Amid Stiff Competition, ABC News Makes Progress with Anchor David Muir

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Earlier this year, David Muir spent weeks studying Spanish in anticipation of his August interview with Pope Francis, sitting down with a tutor several hours a week and practicing the language while strolling the streets of Manhattan.

The 41-year-old anchor of ABC’s World News Tonight spent a semester in Salamanca, Spain, as a college student, and a rusty bit of the language was still rattling around in his head. But being able to make small talk in the pope’s native tongue more proficiently, Muir figured, might trigger flashes of clarity about the man who had never before given an interview to a U.S. TV network.

Good thing, too. The pope wasn’t about to conduct an interview without a quick measure of the man who would query him for an hour. “We’re inside the Vatican walls and they send me outside to this courtyard and tell me the pope is going to emerge any second,” Muir tells me in his Manhattan office. “I’m standing there. And about 20 minutes go by, and the door opens. Instead of the pope, I get one hand that waves me in. So I walk through the door and standing right behind the door was Pope Francis. He simply wanted to meet me before we get in front of all these cameras. I knew I had only those few moments to put him at ease.”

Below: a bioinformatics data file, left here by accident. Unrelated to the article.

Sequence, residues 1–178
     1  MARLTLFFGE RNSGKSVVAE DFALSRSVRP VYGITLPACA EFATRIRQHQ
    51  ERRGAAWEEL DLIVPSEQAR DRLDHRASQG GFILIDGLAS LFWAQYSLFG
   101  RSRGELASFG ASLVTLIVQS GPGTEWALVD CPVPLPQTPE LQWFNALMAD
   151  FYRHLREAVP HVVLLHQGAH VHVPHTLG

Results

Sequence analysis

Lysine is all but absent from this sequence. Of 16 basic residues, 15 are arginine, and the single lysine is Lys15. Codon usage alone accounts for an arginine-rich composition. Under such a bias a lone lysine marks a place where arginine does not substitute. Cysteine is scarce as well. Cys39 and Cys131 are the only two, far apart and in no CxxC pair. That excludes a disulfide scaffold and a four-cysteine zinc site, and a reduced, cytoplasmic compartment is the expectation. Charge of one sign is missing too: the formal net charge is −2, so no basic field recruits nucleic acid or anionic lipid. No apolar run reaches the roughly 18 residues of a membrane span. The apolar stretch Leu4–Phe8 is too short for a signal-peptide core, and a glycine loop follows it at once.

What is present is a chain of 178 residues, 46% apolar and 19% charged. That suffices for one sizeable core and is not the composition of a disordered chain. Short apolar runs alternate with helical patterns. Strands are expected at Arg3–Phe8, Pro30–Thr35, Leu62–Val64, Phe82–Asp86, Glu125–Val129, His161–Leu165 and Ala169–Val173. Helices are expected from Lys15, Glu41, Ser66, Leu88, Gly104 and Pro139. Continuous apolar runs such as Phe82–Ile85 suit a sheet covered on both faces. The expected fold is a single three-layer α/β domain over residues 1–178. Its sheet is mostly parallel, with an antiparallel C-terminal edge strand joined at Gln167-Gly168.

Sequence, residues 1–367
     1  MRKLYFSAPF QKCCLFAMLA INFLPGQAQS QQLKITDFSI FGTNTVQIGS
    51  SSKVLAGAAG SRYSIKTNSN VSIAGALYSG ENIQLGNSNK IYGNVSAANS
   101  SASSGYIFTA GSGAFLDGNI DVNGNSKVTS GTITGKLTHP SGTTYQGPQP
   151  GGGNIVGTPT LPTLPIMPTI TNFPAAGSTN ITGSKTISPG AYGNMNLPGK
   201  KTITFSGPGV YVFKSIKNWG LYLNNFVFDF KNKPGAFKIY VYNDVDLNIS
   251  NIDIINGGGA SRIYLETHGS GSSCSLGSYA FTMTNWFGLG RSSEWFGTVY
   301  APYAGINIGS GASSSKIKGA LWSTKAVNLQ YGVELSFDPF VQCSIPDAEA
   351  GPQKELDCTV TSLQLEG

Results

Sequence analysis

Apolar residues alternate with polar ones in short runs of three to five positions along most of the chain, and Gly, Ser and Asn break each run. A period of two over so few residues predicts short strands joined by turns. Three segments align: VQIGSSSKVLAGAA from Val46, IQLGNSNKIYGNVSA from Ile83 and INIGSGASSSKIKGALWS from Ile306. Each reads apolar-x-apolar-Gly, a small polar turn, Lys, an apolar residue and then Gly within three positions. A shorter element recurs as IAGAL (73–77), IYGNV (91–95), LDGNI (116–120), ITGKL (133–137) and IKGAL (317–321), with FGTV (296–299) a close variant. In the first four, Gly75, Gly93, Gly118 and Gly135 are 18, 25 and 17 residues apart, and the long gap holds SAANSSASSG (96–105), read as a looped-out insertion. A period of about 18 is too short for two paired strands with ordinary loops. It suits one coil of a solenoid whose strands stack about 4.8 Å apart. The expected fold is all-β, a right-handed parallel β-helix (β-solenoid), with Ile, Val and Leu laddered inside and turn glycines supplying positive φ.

Muir’s first words: “Su santidad. Es un honor concerlo.” (Your Holiness, it’s an honor to meet you.)

Muir’s preparation for the interview — a big coup for the network before the pope’s visit to the U.S. in September — is characteristic of the all-consuming ardor with which he approaches his job, colleagues and current and former bosses say.

The dapper newsman was named anchor of World News Tonight a year ago, slipping into the august chair once occupied by the likes of Peter Jennings, Diane Sawyer and Frank Reynolds. And the show, colleagues and bosses say, has shifted to reflect Muir’s restless pace, love of storytelling and penchant for on-site reporting.

“He’s the epitome of what a modern anchor needs to be,” says James Goldston, president of ABC News, who appointed Muir to the job. “He’s happy shooting on his little camera or cellphone.”

The Syracuse native was clearly groomed for the job, anchoring on weekends for nearly three years and racking up frequent-flier miles with reporting assignments around the globe. But his appointment also speaks volumes about ABC bosses’ desire to reinvigorate the program, attract younger viewers and increase its audience through social media and compelling video — an approach that may appeal to fast-churn audiences but alarm traditionalists.

“He was a natural choice,” Goldston says. “He’s been preparing for this a long time. It wasn’t a difficult decision.”

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Source: USA Today |  Roger Yu